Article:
# Question Video: Graphing Complex Numbers Mathematics • 12th Grade

Let us consider a complex number, š¯‘§, with nonzero real and imaginary parts. If the real and imaginary parts of š¯‘§ are the same sign, in which quadrant(s) of the Argand diagram could š¯‘§ appear? If the real and imaginary parts of š¯‘§ are of opposite signs, in which quadrant(s) of the Argand diagram could š¯‘§ appear?

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### Video Transcript

Let us consider a complex number š¯‘§ with nonzero real and imaginary parts. If the real and imaginary parts of š¯‘§ are the same sign, in which quadrant or quadrants of the Argand diagram could š¯‘§ appear? And if the real and imaginary parts of š¯‘§ are of opposite signs, in which quadrant or quadrants of the Argand diagram could š¯‘§ appear?

Letā€™s begin by recalling the general form of a complex number š¯‘§ and how to plot these on an Argand diagram. A complex number is of the form š¯‘ˇ plus š¯‘¸š¯‘–. We say that š¯‘ˇ, which would be a real number, is the real part of š¯‘§. Similarly, the coefficient of š¯‘–, which again would be a real number, is the imaginary part of š¯‘§.

In the first part of this question, weā€™re told that the real and imaginary parts of š¯‘§ are of the same sign. This means both š¯‘ˇ and š¯‘¸ could be positive, but also š¯‘ˇ and š¯‘¸ could both be negative. And so letā€™s imagine what that might look like on an Argand diagram. Remember, an Argand diagram is a lot like the coordinate plane, except the horizontal axis represents the real component and the vertical axis represents the imaginary component of our complex number.

If we start at the origin and move directly right, weā€™re moving in the positive direction. If we move up, weā€™re also moving in the positive imaginary direction. The other two directions are considered to be negative. If we travel left, weā€™re traveling in the negative real direction. And if we travel down, weā€™re traveling in the negative imaginary direction.

So letā€™s imagine we have a complex number whose real and imaginary parts are positive. Note that since both the real and imaginary parts are nonzero, our complex numbers cannot lie on the axes. Weā€™re going to need to start at the origin, move right, and then move up. And so our complex number will lie somewhere in this quadrant.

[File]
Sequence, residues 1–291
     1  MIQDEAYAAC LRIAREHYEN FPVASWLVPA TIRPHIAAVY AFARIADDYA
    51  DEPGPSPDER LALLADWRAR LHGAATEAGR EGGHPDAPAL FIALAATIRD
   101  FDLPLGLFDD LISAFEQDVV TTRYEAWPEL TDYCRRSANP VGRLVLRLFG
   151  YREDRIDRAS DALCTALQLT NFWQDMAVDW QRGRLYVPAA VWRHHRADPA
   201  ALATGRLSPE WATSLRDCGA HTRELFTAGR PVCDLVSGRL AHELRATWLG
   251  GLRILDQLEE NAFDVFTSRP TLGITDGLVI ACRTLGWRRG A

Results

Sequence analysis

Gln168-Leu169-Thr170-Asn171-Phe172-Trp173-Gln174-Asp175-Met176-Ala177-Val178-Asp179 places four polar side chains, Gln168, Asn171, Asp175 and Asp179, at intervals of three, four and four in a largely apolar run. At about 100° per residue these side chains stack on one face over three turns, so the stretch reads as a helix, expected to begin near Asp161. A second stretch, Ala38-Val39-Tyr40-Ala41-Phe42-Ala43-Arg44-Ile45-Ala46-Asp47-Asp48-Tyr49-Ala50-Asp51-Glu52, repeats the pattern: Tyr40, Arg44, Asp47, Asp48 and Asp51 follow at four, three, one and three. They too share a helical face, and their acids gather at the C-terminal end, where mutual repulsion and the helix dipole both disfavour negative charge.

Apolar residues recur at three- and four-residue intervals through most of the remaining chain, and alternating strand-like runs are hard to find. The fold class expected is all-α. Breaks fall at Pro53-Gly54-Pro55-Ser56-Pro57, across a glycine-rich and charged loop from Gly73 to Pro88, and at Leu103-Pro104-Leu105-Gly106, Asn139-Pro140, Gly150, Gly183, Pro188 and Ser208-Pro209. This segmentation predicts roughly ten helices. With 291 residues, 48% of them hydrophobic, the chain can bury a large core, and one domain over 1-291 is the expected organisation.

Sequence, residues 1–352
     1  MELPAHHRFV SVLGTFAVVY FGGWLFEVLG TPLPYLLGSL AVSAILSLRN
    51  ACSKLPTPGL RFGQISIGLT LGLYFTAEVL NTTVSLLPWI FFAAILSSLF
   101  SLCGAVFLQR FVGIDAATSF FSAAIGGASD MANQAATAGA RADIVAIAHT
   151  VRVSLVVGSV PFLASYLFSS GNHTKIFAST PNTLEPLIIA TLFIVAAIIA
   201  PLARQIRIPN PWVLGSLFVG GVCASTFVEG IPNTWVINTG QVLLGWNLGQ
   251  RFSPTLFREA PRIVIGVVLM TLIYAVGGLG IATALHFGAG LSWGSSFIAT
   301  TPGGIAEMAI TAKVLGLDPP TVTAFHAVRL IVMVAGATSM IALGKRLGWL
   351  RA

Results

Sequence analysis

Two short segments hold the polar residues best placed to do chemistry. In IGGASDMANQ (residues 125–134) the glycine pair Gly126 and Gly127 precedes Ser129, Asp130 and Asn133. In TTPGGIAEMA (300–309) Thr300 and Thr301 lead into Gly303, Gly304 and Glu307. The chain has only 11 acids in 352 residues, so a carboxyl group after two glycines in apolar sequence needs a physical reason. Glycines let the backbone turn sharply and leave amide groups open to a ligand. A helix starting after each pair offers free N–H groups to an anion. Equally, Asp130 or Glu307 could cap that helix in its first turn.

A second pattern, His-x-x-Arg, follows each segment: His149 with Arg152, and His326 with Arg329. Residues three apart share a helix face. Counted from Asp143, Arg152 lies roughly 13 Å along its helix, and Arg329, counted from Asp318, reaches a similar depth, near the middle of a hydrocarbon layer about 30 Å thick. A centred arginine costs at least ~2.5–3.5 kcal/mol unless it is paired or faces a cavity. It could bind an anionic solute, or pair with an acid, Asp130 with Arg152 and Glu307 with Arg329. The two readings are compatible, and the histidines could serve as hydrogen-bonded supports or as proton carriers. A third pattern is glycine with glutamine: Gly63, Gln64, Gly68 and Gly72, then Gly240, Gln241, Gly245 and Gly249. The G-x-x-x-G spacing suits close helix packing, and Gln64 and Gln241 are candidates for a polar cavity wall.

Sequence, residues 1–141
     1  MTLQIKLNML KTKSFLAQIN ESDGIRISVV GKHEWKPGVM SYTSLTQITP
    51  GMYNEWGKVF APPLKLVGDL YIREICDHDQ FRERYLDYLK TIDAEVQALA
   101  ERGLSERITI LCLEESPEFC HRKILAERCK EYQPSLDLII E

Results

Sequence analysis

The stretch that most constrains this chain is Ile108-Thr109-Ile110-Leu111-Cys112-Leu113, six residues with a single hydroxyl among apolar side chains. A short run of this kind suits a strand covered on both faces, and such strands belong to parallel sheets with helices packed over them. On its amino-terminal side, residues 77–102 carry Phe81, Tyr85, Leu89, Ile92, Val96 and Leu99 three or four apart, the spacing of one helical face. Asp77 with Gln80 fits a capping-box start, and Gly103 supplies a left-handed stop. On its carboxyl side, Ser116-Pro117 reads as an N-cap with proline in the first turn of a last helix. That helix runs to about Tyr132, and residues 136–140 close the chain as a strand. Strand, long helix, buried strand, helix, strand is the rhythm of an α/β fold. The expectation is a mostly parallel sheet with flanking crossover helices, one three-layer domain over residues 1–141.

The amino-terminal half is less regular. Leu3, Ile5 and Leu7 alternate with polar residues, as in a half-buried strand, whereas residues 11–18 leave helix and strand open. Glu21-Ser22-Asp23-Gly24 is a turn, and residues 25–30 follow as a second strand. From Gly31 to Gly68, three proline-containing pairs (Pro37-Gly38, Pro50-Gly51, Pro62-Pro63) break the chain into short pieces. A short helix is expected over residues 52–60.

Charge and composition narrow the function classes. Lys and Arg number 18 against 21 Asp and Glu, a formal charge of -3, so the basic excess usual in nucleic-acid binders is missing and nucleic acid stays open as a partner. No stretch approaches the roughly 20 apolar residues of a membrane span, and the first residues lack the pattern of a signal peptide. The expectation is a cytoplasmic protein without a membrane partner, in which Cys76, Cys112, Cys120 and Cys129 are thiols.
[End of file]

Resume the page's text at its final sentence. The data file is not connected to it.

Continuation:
However, we could also have a complex number whose real and imaginary parts are both negative. This time, we start at the origin, but weā€™d move left, and then weā€™d move down. And so our complex number would be in this quadrant.

Then we label the quadrant as shown. We start in the top right and then move in a counterclockwise direction one through four. And we see that when the real and imaginary parts of š¯‘§ are both positive, our complex number lies in the first quadrant. But when those parts are both negative, the complex number lies in the third quadrant. And so if the real and imaginary parts of š¯‘§ are the same sign, we know that the quadrants in which š¯‘§ could lie would be the first or the third.

The second part of this question is really similar, but this time the real and imaginary parts of š¯‘§ are opposite signs. In other words, one will be positive and one will be negative. Letā€™s start with a complex number whose real part is positive and whose imaginary part is negative. Weā€™ll need to start at the origin. And since the real part is positive, weā€™re going to move horizontally to the right. Then since the imaginary part is negative, weā€™re going to travel down. And so our complex number could lie somewhere in this quadrant.

But what would happen if the real part was negative and the imaginary part was positive? Once again, we start at the origin, but now we move left and then we move up. And so our complex number would be somewhere in this quadrant. As before, we label our quadrants as shown. And so if the real and imaginary parts of š¯‘§ are of opposite signs, š¯‘§ could appear in either the second or fourth quadrants of the Argand diagram.